Funding Levels For State's School Districts In Limbo During Budget Talks

May 29, 2015

The deadline for a new two-year state budget is just a month away. The House and the Governor have different proposals and the Senate is expected to deliver their version in about two weeks. Local school districts will have to wait to see what finally gets adopted.

Gov. John Kasich wants to change the school funding formula to put more state money into the hands of poor districts. He wants the state to look at the average income in a district, not just its property values, to decide how much money the district gets.

State Lawmaker Wants To Remove Time Limits On Rape Convictions

May 27, 2015

A freshman lawmaker wants to crack down on cases of rape and domestic abuse in Ohio.

State Rep. Greta Johnson of the Akron area says her bill would get rid of the statute of limitations altogether for rape crimes. It would also make all spousal rape and sexual battery illegal.

Johnson, a former prosecutor, says there’s only one way to describe rape.

“It is a murder of the soul. It is something that every victim defines their life in as everything that happened before and everything that happens after,” Johnson said.

Ohio Laws May Hamper Local Liquor Boom

May 20, 2015
Andy Chow / Ohio Public Radio

Ohio is seeing a boom in locally-made products. Communities around the state are enjoying the local coffee scene and the newest craft brew. One of the fastest growing industries is the local liquor scene. But a slew of antiquated rules might be hampering the movement.

Greg Lehman has become an expert at showing off his company.

“We’re running our distillery today. We’ll crash cool it down and once it’s cold then we add the yeast. The yeast doesn’t like it too hot so that yeast will attack the sugar and it will convert the sugar into alcohol,” Lehman said.

Dottie Stover / University of Cincinnati

A University of Cincinnati researcher, studying the safety of hookah steam stones, has found residues of toxic metals in simulated smoking scenarios.


Hookah steam stones are billed by the companies who make them as "hookah without the tobacco risk," and commonly considered a safer alternative to cigarette smoking.


But Amberlie Clutterbuck, a UC doctoral student, found residues of toxic metals that included chromium, arsenic and cadmium.


Sheriff: Majority Of Work Finished In Tamir Rice Investigation

May 13, 2015
Nick Castele / WCPN

The Cuyahoga County sheriff says the majority of the work is now done in the investigation into the shooting of Tamir Rice. The 12-year-old was fatally shot by Cleveland police last November. This was the sheriff's first update on the case.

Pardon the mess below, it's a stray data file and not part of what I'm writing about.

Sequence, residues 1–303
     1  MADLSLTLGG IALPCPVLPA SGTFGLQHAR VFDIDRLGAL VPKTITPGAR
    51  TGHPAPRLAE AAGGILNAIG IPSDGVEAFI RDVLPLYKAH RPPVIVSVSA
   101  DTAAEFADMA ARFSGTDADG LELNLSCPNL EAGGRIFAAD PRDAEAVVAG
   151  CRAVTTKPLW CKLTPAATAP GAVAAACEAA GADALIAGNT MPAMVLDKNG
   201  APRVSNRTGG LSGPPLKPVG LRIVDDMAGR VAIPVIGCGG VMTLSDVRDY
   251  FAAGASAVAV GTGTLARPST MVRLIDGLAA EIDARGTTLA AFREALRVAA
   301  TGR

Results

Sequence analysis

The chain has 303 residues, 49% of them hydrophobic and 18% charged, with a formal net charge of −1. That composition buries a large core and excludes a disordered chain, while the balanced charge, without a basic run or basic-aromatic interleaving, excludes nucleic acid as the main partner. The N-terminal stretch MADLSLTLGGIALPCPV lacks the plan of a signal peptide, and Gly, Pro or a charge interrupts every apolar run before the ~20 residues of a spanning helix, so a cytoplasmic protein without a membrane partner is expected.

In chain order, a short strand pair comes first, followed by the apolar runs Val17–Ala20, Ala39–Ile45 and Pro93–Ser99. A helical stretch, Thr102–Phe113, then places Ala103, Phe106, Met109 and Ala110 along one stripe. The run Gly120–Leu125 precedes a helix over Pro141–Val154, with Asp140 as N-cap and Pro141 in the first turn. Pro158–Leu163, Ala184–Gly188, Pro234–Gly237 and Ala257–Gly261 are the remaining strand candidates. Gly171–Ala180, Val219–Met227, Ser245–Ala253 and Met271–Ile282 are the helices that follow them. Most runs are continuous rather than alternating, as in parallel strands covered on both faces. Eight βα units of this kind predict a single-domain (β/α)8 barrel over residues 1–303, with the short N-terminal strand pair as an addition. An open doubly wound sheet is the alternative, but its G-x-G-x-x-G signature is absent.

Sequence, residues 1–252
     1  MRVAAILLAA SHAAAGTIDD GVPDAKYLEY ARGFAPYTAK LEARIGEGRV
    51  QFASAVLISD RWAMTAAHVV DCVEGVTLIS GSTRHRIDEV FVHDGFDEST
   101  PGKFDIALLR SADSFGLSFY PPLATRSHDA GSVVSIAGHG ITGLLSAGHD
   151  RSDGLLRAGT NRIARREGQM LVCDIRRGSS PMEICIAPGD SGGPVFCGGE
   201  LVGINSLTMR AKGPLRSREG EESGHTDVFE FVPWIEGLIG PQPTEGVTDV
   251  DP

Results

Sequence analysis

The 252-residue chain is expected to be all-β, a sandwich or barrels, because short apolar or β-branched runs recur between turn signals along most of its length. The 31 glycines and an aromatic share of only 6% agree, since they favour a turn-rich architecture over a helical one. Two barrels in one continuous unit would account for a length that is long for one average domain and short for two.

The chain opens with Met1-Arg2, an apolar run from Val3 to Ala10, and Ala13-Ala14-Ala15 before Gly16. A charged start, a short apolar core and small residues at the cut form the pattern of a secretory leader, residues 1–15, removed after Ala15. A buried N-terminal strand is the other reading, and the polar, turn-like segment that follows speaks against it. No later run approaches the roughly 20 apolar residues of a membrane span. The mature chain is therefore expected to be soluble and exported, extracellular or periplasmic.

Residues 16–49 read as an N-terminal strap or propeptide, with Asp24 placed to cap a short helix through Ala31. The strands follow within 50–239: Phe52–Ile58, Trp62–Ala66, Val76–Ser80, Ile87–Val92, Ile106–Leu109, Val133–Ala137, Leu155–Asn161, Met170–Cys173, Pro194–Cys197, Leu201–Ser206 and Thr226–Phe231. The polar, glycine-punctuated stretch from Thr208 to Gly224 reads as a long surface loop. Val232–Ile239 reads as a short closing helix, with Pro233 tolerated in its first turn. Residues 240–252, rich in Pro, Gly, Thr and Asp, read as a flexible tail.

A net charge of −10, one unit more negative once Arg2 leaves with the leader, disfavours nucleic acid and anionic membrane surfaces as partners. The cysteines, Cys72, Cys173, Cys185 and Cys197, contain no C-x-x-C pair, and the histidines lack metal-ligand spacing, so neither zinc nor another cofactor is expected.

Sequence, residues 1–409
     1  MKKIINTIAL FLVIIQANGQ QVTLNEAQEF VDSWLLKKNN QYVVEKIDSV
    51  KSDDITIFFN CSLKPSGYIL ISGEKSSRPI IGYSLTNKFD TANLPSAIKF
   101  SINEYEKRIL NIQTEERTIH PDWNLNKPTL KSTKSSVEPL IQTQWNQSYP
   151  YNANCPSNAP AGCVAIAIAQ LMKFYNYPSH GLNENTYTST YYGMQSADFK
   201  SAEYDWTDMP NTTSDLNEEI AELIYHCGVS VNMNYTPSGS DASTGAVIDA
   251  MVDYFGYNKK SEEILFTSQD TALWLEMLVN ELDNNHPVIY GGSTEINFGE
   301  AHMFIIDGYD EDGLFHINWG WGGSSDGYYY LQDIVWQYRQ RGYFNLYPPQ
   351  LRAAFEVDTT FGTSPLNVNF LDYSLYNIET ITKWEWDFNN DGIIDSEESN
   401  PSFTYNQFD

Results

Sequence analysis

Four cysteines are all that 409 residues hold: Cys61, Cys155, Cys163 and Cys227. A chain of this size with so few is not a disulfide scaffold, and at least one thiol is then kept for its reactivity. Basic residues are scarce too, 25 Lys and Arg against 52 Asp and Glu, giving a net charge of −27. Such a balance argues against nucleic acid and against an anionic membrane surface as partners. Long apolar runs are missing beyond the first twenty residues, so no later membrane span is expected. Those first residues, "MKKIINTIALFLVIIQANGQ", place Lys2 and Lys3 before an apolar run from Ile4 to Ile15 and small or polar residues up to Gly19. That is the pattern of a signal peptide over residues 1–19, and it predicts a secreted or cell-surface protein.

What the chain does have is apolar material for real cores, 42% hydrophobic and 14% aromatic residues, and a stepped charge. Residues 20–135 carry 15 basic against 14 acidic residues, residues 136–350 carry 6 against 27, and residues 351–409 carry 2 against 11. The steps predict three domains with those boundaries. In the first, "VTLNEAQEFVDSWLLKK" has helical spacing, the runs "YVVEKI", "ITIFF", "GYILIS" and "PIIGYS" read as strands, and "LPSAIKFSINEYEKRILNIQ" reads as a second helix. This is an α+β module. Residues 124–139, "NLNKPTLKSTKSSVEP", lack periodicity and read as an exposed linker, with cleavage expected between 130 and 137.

Sheriff Clifford Pinkney kept his remarks brief and took no questions from reporters. He walked through a basic outline of the case and said it was nearing completion.

Group Files Lawsuit Against Ohio Over Voting Rules

May 12, 2015
Jon Husted is Ohio's 53rd Secretary of State

In advance of the 2016 presidential race, Ohio Secretary of State Jon Husted faces another lawsuit over the state's voting rules. 

The lawsuit was filed by a group called the Ohio Organizing Collaborative.

Among the provisions it challenges are rules limiting each county to one early voting location, as well as the elimination of Golden Week, when voters can register and cast ballots the same day. The suit alleges African-American, Hispanic and student voters are disproportionately affected.

An Ohio lawmaker is working on a bill that would require law enforcement officers throughout the state to wear body cameras. The legislation is coming soon.

Democratic State Rep. Kevin Boyce says 30 other states are considering requiring police officers to wear body cameras and he wants Ohio to be number 31.

“The whole idea is that to better protect our law enforcement officers who work to protect us every day and also to continually find ways to strengthen the integrity of the process where police officers interact with the public,” Boyce said.

Lawmakers Consider Measures To Ease Ohio Gun Restrictions

May 7, 2015

Several bills to loosen restrictions on guns took the first step toward becoming law. Supporters say the bills would lift overly burdensome regulations, but others say it’s a sign that Ohio is going in the wrong direction.

Republican State Rep. Ron Hood of Ashville wants to change the law to essentially allow people to carry concealed weapons without a permit—which means bypassing background checks and training.

He says lawful gun owners in Ohio deserve these changes.

Jo Ingles / Ohio Public Radio

Gov. John Kasich’s task force studying police and community relations has released its recommendations. The report calls for things like greater oversight of police departments, a focus on hiring minority officers and spending more on training. Kasich has issued an executive order help carry them out.

Kasich created an advisory board to come up with new standards for police departments statewide on issues like deadly force and hiring practices. The board was also charged with helping communities throughout the state better understand the role of law enforcement.


The Federal government says the amount of fluoride in America’s drinking water should be reduced. This is the first change in fluoride recommendations in more than half a century.

Seventy years ago, Grand Rapids, Michigan was the first city in America to fluoridate its water; a decade later Canton was the first in Ohio.  And, in 1962, the U.S. government said to improve dental health, all public water should include a fluoride additive of about 1 part per million. 

Not much changed until this week.